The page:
ASA 129th Meeting - Washington, DC - 1995 May 30 .. Jun 06

2pPP66. Neural encoding of level in the auditory nerve and anteroventral cochlear nucleus: A study of neural models and physiological responses.

M. A. Burock

L. H. Carney

Dept. of Biomed. Eng., 44 Cummington St., Boston Univ., Boston, MA 02215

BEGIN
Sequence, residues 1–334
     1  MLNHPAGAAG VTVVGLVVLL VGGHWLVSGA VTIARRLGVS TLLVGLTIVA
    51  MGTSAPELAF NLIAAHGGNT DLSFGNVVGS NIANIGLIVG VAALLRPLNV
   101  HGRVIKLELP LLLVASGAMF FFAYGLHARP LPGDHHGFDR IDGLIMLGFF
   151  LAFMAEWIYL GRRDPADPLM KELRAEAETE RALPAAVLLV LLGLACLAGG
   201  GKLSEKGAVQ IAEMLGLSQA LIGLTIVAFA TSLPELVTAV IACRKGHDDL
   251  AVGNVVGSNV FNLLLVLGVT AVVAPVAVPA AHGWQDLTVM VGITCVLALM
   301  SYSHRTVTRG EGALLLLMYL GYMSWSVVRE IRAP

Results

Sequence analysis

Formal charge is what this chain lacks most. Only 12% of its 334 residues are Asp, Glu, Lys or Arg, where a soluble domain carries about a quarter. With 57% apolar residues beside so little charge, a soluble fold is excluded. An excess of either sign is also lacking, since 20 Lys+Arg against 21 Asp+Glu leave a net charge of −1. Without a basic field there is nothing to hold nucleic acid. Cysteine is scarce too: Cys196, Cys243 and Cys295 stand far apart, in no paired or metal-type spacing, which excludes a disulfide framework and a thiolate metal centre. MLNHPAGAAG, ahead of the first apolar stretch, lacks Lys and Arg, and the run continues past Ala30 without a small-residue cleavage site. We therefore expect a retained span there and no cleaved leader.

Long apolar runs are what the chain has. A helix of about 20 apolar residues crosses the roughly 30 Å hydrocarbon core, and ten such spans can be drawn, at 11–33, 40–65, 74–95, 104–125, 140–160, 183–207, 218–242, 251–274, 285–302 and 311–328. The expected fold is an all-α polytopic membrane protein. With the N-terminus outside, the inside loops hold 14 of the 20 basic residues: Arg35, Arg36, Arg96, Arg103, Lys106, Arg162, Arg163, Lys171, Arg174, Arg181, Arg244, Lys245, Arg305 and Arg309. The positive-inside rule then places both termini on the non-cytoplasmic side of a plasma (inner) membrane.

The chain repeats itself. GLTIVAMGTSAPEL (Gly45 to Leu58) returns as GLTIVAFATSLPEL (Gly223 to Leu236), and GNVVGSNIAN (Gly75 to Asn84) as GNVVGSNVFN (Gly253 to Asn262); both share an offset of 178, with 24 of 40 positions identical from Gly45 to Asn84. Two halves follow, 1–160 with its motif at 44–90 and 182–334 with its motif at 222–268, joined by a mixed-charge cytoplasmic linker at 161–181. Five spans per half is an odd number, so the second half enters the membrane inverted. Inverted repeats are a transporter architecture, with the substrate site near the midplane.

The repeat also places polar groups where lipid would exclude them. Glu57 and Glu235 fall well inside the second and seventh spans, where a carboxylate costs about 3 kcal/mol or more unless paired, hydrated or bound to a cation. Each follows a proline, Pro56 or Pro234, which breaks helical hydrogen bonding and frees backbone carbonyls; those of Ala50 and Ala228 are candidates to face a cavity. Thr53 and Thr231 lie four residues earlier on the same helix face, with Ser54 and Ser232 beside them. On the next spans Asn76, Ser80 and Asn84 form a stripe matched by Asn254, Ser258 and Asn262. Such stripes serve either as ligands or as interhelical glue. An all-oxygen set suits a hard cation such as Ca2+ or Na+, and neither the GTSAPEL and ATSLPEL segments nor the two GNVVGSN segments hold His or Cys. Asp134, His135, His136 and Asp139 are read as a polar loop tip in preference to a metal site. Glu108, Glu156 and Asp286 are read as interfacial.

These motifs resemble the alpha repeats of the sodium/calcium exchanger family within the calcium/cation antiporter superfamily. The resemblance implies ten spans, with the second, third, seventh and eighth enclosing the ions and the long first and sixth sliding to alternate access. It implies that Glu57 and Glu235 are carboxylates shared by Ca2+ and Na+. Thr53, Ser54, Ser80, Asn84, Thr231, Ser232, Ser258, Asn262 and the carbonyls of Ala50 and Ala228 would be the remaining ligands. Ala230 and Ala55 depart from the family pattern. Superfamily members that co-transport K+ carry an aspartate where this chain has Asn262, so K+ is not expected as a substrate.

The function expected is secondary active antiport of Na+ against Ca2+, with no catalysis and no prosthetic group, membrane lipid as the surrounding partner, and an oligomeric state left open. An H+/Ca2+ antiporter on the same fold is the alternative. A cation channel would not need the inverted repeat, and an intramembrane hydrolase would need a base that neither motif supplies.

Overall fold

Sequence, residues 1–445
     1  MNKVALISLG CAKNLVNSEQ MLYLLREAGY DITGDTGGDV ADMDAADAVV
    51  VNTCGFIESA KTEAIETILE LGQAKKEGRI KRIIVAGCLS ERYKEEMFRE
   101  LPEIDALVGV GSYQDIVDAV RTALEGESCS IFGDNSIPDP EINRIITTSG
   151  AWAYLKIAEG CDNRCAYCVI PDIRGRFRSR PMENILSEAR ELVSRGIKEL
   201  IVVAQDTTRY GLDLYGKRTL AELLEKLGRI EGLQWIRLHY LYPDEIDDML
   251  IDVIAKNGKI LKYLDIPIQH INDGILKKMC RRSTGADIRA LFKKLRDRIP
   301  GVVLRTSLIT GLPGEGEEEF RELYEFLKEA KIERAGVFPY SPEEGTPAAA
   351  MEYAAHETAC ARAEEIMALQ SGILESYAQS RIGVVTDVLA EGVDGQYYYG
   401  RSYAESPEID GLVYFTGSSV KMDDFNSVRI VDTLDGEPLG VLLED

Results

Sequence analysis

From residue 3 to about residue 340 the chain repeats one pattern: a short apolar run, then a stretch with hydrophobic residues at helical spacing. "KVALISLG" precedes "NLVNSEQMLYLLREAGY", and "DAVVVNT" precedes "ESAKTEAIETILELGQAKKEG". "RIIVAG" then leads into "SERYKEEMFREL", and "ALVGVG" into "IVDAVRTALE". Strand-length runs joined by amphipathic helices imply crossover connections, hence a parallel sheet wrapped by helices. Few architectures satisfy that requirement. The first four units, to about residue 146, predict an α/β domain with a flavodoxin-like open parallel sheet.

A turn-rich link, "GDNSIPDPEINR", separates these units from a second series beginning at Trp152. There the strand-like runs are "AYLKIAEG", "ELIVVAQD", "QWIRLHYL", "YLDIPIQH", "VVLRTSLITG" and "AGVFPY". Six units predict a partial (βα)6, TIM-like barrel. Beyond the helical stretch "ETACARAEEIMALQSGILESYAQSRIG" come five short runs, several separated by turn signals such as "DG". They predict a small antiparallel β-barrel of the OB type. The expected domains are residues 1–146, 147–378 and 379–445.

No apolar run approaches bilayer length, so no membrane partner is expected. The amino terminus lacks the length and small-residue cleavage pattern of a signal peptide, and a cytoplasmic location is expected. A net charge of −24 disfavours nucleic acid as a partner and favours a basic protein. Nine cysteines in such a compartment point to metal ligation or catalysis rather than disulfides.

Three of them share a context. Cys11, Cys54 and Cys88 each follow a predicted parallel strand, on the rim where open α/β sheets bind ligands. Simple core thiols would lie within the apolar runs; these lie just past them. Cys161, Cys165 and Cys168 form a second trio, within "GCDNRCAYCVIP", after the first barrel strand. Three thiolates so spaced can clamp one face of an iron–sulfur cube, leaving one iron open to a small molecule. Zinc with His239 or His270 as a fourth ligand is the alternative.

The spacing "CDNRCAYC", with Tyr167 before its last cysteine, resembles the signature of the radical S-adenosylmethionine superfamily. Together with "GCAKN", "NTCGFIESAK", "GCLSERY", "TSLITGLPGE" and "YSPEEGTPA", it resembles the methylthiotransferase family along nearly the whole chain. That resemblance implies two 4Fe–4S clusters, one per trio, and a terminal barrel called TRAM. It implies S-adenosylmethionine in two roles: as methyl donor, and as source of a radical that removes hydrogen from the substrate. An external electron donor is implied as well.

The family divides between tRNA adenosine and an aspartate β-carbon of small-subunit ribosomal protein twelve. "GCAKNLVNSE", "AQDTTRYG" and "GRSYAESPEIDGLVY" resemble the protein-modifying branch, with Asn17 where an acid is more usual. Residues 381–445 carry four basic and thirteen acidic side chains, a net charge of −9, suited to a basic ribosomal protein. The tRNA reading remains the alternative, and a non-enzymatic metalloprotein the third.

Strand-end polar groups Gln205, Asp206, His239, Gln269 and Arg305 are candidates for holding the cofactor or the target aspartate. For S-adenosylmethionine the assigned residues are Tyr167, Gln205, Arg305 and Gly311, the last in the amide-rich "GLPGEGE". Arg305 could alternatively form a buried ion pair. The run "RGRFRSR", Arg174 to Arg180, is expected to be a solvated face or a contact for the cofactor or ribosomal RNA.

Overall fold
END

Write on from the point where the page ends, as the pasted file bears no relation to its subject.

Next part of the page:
Models for level discrimination based on neural counts require ``pooling'' of auditory-nerve (AN) fiber responses to explain human performance. Neither the mechanism nor site of this ``pooling'' is known. This study concerns the transformation of AN responses in the anteroventral cochlear nucleus (AVCN). An AN model with statistics consistent with physiological data [mean-to-variance ratio ((alpha))(approximately equal to)2] provided inputs to coincidence-detecting models for AVCN cells. The (alpha) of coincidence-detecting cell models is lower than the (alpha) of AN fibers. Responses of most gerbil AVCN neurons to (frozen) wideband noise had (alpha) less than 2, consistent with a coincidence-detection mechanism. The lower (alpha) implies these cells would not be as effective as AN fibers for encoding level in terms of rate. To optimally ``pool'' these responses would require either summation of a greater number of elements, or steeper rate-level curves (to compensate for lower (alpha)) and thus more elements to span a wide dynamic range. Neural coincidence detection may contribute to processing spectral information (monaurally) and localization information (binaurally). This mechanism does not provide an advantage, and perhaps introduces a disadvantage, for processing intensity information in the form of discharge rate. [Work supported by NIH, Whitaker Foundation.]